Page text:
A great example of interdisciplinary research at a citywide level is a National Oceanographic and Atmospheric Administration funded research project with Oklahoma City to collect heat data for the Urban Heat Island Mapping campaign. Researchers from three University of Oklahoma colleges are involved: Hudson College of Public Health, College of Atmospheric and Geographic Sciences, and Christopher C. Gibbs College of Architecture. Li is on the steering committee and helped design training for the campaign volunteers. On August 12th, approximately 300 volunteers attached portable sensors to their vehicles to measure temperature, humidity, and carbon dioxide. Each volunteer team drove predesignated routes throughout Oklahoma City to collect the data. There were three shifts: morning, noon, and evening. Each group consisted of two volunteers: a driver and a navigator. One of the goals was to determine if communities and areas with lots of trees and shade had cooler temperatures. “We are bringing stakeholders from many sectors together to learn how to cool Oklahoma down,” says Li. The results will determine areas in Oklahoma City with the hottest temperatures. The city will prioritize areas with the most vulnerable populations for risk reduction by planting trees, installing cooling shelters, shade structures, etc. To learn more about the Urban Heat Island Mapping campaign, visit

When asked about the challenges of interdisciplinary research, Li notes that language can be a challenge. "I don't mean English," she says, "I mean terminology." For example, an epidemiologist's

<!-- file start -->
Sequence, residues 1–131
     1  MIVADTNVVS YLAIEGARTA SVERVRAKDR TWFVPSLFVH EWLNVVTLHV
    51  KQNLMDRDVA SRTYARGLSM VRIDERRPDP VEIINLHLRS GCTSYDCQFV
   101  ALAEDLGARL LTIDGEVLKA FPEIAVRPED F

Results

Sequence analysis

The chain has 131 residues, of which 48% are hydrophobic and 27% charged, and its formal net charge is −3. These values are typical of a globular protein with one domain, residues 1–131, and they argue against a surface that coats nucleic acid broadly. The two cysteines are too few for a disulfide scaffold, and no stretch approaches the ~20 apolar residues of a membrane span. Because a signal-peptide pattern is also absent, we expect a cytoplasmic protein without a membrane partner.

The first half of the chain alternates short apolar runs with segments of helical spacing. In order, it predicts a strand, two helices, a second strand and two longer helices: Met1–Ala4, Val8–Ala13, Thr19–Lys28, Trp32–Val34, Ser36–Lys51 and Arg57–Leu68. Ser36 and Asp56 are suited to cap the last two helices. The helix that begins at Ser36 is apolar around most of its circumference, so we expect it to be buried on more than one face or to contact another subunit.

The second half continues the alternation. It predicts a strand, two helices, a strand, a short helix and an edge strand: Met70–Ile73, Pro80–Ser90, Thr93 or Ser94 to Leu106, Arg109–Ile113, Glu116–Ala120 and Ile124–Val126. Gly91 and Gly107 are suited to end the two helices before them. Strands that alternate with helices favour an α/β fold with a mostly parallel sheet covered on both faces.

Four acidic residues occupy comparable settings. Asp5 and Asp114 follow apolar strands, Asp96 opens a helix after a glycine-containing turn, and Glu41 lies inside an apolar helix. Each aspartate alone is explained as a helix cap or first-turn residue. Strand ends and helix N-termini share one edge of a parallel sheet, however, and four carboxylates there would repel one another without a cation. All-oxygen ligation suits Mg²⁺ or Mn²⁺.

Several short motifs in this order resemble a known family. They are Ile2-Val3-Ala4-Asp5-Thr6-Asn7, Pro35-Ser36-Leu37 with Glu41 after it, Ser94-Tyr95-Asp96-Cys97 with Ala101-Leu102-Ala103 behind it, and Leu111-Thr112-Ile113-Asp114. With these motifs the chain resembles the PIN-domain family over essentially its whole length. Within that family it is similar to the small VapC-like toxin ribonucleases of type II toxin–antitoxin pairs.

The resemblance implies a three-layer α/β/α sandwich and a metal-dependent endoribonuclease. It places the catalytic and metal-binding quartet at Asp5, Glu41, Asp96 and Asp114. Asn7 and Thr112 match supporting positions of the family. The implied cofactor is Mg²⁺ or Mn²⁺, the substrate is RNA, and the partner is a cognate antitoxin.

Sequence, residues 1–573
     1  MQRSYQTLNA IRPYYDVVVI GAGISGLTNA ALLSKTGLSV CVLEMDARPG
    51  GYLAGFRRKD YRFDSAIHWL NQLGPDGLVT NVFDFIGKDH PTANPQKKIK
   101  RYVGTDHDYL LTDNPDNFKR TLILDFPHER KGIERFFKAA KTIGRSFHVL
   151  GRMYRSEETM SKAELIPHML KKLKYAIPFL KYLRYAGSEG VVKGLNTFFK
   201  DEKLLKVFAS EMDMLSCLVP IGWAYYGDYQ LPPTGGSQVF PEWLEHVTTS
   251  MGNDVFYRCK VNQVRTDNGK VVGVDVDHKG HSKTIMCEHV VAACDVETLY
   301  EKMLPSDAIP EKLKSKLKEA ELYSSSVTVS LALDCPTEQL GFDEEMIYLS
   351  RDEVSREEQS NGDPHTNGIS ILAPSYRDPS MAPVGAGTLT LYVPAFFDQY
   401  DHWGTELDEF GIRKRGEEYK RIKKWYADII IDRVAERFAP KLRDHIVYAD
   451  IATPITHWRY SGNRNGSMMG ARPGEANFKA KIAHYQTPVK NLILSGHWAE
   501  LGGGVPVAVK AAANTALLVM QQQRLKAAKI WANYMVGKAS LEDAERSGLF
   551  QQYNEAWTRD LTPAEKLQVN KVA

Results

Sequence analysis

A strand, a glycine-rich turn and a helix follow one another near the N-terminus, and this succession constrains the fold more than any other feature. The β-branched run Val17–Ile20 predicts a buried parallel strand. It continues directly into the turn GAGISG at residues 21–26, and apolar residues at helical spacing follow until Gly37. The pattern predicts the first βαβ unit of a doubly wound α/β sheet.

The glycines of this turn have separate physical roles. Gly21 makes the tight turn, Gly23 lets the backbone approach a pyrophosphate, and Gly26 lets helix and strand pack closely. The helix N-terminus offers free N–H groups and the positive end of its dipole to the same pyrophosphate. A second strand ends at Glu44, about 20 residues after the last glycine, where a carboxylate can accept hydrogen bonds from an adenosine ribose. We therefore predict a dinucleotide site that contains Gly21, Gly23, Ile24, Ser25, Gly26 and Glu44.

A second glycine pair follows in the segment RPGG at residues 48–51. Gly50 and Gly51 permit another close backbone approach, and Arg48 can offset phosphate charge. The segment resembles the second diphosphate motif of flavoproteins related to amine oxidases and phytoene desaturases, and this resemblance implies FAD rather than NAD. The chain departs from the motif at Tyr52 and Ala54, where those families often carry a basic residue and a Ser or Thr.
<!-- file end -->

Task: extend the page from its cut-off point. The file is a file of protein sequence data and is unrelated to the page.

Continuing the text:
Climate Science in Motion

definition of risk may pertain to outbreaks or the percentage of people who get sick. However, when Li talks to a microbiologist, they might define risk as a dose-response (e.g., a dose lethal enough to kill 50% of a population). "I'm still learning from each experience," comments Li. "When I talk to people, I first try to understand their background and field so that I can avoid any confusing words." She typically starts with the definition to ensure everyone is on the same page. The goal is to make sure each team member speaks the same scientific language for the research project. 

Li notes that the pandemic provided an excellent opportunity to promote public health and generate interest in the field. One of the benefits was that scientists from other fields transitioned their research to bioaerosols or airborne viruses during the pandemic. This meant that people from many areas and backgrounds provided their knowledge to conduct pandemic-related research. One of the downsides to this was that some researchers weren't trained on the fundamentals of airborne viruses, leading to unclear research articles. "When I was doing literature reviews, maybe 10-20% reported the limit detections of their studies," says Li. "I realize the need for information during the pandemic was urgent, but we should create an interdisciplinary framework to help researchers collaborate quickly and efficiently."

About Dr. Hongwan Li

Bucket List: Li hopes to visit Alaska someday. She grew up in southern China and recalls the hot and humid weather. "When I was little, I saw a picture of Alaska and really wanted to go there," she says.

Food: Li always has a variety of individual snacks in her office that she offers her students. Her hometown is known for the hotpot. “The soup is so good!” Li proclaims. She especially enjoys spicy dishes.

Hobbies: Li enjoys hiking and spending time with friends. She has two children, and they like to visit the local library and splash pad in the summer. Before initial meetings with anyone outside her field, Li presents her slides/information to her daughter. "If she can understand it, that's a good sign that the audience will understand it," says Li. Her daughter also asks questions and helps Li clarify her words and phrases. Along with her seven-year-old and eight-year-old children, Li has a ten-year-old dog named 狗 (pronounced Gǒu). "Our dog has a Chinese name which means dog," laughs Li.

Role Model: Dr. Jade Mitchell, Li’s post-doctoral mentor at Michigan State University, is her role model. Previous mentors taught Li how to work and write papers, but Dr. Mitchell taught her how to manage work-life balance. "When my father passed away, he was in China, and my mother and I were in Michigan," says Li. "During that time, Dr. Mitchell shared her personal experiences and encouraged me to take time off to be with my family."